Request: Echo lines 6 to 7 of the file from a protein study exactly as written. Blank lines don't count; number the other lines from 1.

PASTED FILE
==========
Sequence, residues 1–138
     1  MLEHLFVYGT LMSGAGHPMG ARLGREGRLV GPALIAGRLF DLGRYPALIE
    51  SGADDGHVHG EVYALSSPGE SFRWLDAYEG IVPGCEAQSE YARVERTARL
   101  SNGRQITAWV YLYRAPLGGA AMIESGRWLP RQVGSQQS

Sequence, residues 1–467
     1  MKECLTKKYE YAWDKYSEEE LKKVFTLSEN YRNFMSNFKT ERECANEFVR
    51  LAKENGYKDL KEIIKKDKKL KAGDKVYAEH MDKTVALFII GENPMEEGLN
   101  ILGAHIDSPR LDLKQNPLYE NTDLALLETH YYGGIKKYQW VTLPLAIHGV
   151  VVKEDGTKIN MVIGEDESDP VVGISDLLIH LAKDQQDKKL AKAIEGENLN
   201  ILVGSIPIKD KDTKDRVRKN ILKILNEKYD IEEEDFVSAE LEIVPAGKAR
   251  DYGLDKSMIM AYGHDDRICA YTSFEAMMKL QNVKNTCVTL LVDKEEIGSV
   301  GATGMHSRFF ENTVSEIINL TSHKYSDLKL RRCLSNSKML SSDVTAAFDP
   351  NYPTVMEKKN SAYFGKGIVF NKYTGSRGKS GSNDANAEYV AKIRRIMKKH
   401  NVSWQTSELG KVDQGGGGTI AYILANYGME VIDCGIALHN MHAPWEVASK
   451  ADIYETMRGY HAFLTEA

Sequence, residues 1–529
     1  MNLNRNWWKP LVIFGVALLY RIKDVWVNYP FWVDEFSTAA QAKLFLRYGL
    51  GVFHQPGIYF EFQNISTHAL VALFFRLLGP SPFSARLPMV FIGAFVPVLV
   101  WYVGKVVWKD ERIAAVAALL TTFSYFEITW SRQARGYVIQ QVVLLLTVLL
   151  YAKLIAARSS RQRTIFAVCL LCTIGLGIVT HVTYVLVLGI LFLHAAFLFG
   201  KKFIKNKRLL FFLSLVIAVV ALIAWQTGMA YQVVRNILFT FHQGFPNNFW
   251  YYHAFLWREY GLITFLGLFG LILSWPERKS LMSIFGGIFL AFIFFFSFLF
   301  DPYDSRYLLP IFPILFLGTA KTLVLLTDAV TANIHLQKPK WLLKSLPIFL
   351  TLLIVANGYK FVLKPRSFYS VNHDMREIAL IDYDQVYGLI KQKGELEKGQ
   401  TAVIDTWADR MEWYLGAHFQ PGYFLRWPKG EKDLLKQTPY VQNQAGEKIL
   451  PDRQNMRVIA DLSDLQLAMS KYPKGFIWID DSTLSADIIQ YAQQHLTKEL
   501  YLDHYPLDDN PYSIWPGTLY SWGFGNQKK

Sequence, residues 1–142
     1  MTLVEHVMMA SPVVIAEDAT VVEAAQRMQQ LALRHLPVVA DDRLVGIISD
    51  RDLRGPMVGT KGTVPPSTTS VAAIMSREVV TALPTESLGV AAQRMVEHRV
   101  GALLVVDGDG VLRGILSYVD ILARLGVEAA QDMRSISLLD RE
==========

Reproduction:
     1  MKECLTKKYE YAWDKYSEEE LKKVFTLSEN YRNFMSNFKT ERECANEFVR
    51  LAKENGYKDL KEIIKKDKKL KAGDKVYAEH MDKTVALFII GENPMEEGLN